Wednesday, October 29, 2014

What Daria Morgendorffer Read

I remember when Daria was on television. The animated series was on MTV from 1997 to 2002. During those years, when I was young adult who was just making her way in the world, I either didn't own a television or, if I did have a TV, I didn't have cable television. So, for the most part, I missed the show's five-season run.
Daria, seen in the bottom panel wearing glasses, had a sharp wit and was well read.
Image via Aerogramme Writers' Studio website

Since the series ended in January 2002, Daria has increasingly become viewed as one of the smartest animated shows ever to air in the history of television. And it remains loved (and much remarked upon) by many who came of age in the 1990s/early 2000s. Not too long ago, I finally committed to sitting down and watching the entire series on DVD, just to see what I missed out on. Although the animation style didn't appeal to me, I did see smartly written female characters. I appreciated the show's sharp satire, and I laughed out loud at the dry, deadpan delivery of the eponymous character, Daria Morgendorffer.

Daria as a character was fearless in that she was unapologetically herself in the cookie-cutter (fictional) suburb of Lawndale. Despite the continued admonishments of her parents, who wanted her to fit in for her own social benefit, and in the face of the ever-growing popularity of her vacuous, conventionally pretty kid sister, Quinn, Daria stood fast in remaining an original. 

In addition to her strong self-confidence and sense of self, Daria was also extremely smart. On many occasions, she cleverly and openly mocked her bland high school peers, and her comments often went straight over their heads. She was also very well read. (That Daria was so well read was a stark departure from the animated series that Daria the show was spun off from: Beavis and Butt-head, whose two central characters were dimwits who reveled in low-brow humor and were anti-academic in their approach to life.)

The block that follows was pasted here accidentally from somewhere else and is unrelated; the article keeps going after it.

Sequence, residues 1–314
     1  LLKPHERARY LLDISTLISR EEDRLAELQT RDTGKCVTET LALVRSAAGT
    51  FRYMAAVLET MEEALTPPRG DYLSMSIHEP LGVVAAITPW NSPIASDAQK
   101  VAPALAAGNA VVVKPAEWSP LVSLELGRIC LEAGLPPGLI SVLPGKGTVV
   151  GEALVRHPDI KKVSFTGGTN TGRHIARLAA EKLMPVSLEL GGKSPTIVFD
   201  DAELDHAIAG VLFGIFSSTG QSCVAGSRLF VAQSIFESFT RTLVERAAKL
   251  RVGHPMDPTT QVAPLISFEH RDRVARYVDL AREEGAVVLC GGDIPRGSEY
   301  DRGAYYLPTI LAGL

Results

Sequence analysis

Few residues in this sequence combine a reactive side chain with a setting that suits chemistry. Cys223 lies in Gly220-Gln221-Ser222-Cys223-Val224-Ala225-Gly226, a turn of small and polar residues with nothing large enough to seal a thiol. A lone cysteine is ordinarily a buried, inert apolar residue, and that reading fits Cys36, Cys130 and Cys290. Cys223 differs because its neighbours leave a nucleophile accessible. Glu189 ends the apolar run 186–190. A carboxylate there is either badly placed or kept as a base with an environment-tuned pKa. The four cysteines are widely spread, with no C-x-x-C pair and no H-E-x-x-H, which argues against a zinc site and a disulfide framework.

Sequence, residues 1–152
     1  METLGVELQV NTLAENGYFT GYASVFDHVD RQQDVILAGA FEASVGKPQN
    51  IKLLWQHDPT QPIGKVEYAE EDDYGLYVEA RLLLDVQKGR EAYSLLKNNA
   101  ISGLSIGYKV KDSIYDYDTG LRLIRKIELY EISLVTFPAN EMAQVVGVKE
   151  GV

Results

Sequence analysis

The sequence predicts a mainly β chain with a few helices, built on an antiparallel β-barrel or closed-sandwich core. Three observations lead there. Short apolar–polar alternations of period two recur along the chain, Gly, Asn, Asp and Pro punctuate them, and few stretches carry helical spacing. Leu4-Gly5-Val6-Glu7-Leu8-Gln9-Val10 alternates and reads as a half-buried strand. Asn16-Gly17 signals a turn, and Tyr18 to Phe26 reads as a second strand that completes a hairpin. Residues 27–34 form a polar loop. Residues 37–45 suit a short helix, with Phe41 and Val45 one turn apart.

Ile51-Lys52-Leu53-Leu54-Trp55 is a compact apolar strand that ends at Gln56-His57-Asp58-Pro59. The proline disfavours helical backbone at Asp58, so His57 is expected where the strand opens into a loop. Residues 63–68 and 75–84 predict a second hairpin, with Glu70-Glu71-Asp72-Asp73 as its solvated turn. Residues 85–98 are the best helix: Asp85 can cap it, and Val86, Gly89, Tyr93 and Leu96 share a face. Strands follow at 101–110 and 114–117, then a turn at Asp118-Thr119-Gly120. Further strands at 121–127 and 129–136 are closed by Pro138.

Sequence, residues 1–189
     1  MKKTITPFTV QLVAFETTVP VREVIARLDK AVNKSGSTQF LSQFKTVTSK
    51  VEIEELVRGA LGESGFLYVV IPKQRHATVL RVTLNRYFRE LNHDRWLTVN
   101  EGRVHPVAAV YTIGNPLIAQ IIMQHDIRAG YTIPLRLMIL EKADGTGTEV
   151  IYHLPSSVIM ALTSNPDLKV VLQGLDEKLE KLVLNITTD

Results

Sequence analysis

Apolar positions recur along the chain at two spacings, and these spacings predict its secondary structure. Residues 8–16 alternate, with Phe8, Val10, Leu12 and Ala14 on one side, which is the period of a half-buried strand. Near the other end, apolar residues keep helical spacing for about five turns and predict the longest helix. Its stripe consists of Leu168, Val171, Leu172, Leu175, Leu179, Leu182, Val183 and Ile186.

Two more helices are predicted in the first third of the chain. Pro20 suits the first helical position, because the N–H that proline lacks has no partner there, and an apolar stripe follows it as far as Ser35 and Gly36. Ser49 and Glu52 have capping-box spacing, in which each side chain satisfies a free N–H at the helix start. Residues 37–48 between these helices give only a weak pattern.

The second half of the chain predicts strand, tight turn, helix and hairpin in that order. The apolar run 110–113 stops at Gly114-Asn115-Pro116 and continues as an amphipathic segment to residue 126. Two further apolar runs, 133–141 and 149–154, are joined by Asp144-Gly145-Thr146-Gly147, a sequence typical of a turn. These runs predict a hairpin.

Throughout the series' respectable run, Daria was often shown reading a book, or the show itself referenced books. Aerogramme Writers' Studio, a Melbourne, Australia-based publisher of "news and resources for emerging and established writers," compiled a list of all the books that Daria read or that were mentioned on the show. Fifty-seven books make up the list, and some of them are:

  • The Divine Comedy by Dante Alighieri
  • How to Win Friends and Influence People by Dale Carnegie
  • The Brothers Karamazov by Fyodor Dostoyevsky
  • Madame Bovary by Gustave Flaubert
  • The Life and Complete Work of Francisco Goya by Pierre Gassier
  • Howl and Other Poems by Allen Ginsberg
  • The Metamorphosis by Franz Kafka
  • Critique of Pure Reason by Immanuel Kant
  • Being and Nothingness by Jean-Paul Sartre
  • Breakfast of Champions by Kurt Vonnegut

That's quite a scholarly selection of books. Even more impressive is that they were referenced on a cartoon show airing on MTV and that the central character, a high school girl, was shown reading. When you think about it, that's pretty amazing. 

To see all 57 books on "Daria Morgendorffer's Reading List," go to the Aerogramme Writers' Studio article at THIS LINK. What's great is that for the books on this reading list, Aerogramme Writers' Studio provided links to FREE e-book editions wherever possible. Thanks, Aerogramme Writers' Studio!

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